Hearthstone needs to find ways to commemorate their major events and get people watching like this. It doesn’t matter if it’s as simple as a card back or something as big as a new hero portrait. Anything at all would get people hyped up and watching. 

More generous balance changes

Hearthstone‘s open beta started on January 14th, 2014. The game officially launched in March of that year. It wasn’t until April 20th, 2016 that Hearthstone rolled out it’s first full set of true balance changes. That’s over two years to address several cards that people have been complaining about since forever! Before this major patch, cards were slowly being nerfed one by one.

With vanilla Hearthstone down the drain and the release of the Standard and Wild formats, I think it’d be pretty appropriate for the balance team to consider making changes at the release of each new adventure and/or expansion. The Standard format has done a nice job of shaking up the meta and keeping things fresh, but oppressive cards have got to be dealt with sooner than has been done in the past.

Create a simpler barrier to entry

I talked about the Standard format a bit in the last headline, and now’s a good place to explain more of what Standard actually achieves. Standard basically guarantees an ever-changing meta of gameplay because old adventures and expansions get phased out of the card pool.

  • All cards from the Basic and Classic sets are playable.
  • Only cards from adventures and expansions released in the past year are playable.

This means that there’s this constant rotating door of cards. That thins out the card pool so that new players don’t feel so far behind if they’re just now beginning to play Hearthstone. As of today, there are 1053 cards in the Hearthstone collection. Even more are about to be released with the recently-announced adventure, One Night in Karazhan. The release of Standard format retired 150 of those. It’s not much, but 10% is something.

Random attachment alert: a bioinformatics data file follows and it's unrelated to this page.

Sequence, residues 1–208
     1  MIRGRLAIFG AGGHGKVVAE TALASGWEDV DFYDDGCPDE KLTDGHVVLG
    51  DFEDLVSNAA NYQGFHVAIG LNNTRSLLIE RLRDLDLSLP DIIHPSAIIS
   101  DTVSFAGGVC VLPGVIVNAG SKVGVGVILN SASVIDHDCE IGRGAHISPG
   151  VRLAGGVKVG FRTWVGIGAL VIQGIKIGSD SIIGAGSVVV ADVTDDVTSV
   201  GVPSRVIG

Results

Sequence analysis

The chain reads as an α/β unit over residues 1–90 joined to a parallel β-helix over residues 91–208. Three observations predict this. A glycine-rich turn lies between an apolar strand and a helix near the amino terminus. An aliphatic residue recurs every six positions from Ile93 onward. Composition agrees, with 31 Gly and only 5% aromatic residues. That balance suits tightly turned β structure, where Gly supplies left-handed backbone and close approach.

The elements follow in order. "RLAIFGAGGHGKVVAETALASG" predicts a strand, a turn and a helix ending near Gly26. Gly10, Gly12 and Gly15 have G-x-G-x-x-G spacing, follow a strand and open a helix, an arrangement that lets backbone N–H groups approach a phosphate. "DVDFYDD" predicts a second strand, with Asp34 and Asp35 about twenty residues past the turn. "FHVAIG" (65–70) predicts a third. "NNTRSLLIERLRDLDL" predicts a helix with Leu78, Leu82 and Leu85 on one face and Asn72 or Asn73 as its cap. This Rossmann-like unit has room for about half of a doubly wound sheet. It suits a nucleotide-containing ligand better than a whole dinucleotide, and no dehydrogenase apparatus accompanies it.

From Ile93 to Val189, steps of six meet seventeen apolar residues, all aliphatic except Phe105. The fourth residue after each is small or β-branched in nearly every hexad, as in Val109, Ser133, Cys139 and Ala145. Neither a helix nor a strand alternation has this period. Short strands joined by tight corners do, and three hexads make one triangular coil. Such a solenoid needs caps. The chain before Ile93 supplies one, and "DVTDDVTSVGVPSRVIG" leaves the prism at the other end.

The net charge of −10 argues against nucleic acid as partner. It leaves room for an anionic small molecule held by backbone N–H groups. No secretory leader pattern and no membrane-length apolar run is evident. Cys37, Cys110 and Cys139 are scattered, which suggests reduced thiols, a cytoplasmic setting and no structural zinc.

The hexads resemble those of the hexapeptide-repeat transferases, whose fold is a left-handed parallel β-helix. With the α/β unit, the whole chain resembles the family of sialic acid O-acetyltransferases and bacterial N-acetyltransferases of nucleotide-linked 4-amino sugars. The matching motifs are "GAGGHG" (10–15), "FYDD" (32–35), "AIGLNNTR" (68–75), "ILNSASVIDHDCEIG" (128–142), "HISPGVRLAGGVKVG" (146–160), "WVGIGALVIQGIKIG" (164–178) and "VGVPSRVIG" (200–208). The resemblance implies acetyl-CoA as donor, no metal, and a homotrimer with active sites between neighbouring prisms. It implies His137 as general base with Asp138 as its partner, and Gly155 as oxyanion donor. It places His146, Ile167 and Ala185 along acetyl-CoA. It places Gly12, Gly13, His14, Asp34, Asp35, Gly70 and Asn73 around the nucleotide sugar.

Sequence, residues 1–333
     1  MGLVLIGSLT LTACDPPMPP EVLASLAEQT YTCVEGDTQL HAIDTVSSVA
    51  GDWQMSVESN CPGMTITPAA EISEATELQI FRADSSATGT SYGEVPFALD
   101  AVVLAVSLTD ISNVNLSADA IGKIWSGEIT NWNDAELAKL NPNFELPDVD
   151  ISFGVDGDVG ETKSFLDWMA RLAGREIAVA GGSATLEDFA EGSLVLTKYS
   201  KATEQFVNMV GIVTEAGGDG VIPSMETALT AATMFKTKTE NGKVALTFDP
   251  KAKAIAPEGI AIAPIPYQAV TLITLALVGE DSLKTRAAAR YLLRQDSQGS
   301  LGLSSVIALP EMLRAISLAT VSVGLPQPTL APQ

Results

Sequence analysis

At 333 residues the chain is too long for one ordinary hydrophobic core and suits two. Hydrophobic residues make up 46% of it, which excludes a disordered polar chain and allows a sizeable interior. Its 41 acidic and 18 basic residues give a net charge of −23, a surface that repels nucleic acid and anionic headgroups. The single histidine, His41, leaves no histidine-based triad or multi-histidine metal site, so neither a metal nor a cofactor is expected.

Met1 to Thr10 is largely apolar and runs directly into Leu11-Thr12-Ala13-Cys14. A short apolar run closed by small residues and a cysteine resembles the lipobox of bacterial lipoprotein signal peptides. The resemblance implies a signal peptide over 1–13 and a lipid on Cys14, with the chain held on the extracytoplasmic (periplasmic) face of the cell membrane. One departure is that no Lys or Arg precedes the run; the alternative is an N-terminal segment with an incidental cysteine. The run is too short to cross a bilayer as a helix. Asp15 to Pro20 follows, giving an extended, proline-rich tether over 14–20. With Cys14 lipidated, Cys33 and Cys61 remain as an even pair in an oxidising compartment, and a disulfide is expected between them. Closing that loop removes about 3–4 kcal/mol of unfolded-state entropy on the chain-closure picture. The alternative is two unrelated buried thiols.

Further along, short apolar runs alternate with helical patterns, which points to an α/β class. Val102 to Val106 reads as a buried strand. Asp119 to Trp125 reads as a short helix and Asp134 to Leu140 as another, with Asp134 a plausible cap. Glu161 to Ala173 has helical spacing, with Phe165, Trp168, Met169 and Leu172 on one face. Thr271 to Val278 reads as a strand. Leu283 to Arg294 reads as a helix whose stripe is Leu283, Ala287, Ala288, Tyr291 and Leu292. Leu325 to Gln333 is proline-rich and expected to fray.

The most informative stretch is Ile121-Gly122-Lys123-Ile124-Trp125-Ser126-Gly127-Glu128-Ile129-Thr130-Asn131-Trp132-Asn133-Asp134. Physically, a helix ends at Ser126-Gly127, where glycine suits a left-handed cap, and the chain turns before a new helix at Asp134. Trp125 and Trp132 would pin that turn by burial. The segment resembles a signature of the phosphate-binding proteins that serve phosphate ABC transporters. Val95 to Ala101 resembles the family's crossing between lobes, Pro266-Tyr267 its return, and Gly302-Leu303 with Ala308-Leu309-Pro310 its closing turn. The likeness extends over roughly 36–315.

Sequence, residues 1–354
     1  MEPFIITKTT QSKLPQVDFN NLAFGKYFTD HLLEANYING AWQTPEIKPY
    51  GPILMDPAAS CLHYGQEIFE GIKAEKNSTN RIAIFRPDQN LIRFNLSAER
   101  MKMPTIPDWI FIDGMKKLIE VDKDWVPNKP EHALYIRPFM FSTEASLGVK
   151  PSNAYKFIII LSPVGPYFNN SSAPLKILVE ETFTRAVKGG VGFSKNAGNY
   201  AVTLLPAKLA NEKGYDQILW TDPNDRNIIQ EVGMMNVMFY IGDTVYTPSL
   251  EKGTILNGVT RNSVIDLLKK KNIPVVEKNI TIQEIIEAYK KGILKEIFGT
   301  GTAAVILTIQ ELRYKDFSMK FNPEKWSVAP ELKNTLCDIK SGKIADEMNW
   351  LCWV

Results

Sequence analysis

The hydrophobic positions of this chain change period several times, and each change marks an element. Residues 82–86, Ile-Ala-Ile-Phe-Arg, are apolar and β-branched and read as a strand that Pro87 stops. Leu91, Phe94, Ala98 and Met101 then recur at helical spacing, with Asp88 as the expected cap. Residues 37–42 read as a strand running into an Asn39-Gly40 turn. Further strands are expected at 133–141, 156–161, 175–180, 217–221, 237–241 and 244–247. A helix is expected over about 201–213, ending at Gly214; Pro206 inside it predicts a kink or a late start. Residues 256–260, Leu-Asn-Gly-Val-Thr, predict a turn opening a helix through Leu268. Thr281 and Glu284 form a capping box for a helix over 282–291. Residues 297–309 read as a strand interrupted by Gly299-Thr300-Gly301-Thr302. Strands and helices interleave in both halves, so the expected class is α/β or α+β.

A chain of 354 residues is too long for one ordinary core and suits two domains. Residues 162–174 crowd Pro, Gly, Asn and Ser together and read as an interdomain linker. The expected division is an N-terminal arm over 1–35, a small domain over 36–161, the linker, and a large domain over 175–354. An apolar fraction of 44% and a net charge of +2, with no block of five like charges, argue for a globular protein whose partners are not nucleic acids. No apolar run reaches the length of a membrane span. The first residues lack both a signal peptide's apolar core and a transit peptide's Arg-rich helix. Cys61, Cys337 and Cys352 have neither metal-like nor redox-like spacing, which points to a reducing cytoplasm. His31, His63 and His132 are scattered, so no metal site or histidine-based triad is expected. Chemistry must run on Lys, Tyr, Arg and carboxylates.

That still means that new players who are interested in Standard have quite a lot of cards to collect. Of the remaining 90%, much less than half of them are actually considered playable in a competitive environment. However, you’ve got to consider that this isn’t like a physical collectible card game where you can just go individually buy the cards you want. You’re only able to buy full packs of cards, and you can never guarantee that you’ll get what you want. I’m not exaggerating when I say you’ll have to spend well over $500 to get a respectable card collection this way, and it’s going to require a lot of dusting and crafting.

As with previous examples, Blizzard is showing that they’re conscious of this issue. Whispers of the Old Gods, the latest expansion, provided players with 13 free packs and the core Legendary of that set: C’Thun. This made it seem like Blizzard really wanted to give free players a chance to get their hands on an extremely powerful card that you can build an entire competitive deck around. This is awesome for new players.

Despite that, the truth is that any new player who begins playing Hearthstone today and wants to get competitive on the ladder is going to have to do one of two things:

  1. Spend a ridiculous amount of money
  2. Spend a ridiculous amount of time grinding Arena

That’s no different from League of Legends though, right? Correct. The thing is, the League community has also been complaining about this for a long time. It’s incredibly daunting for a new player to realize that they have to learn and buy over 130 champions to truly understand the game from a truly competitive standpoint. It’s not like that for an eSport like CS:GO.

Blizzard has to find a way to bring the little guy into the scene, because right now it’s a steep mountain to climb. I think that’s a major part of what led to the slow and steady decline of WoW. Well, that and many other things…

I strongly believe that there’s a place for Hearthstone to be respected alongside games like Dota 2, CS:GO, SC2, LoL, Overwatch, and the other thriving eSports out there. While it’s unlike those games in the way they test mechanical ability, it’s a true sport of the mind. It’s the golf of eSports. These five changes could go a really long way.

What do you think of these proposed changes? Would they help push Hearthstone forward as an eSport? Let me know what you think in the comments below!

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Craig Snyder
Playing video games is fun.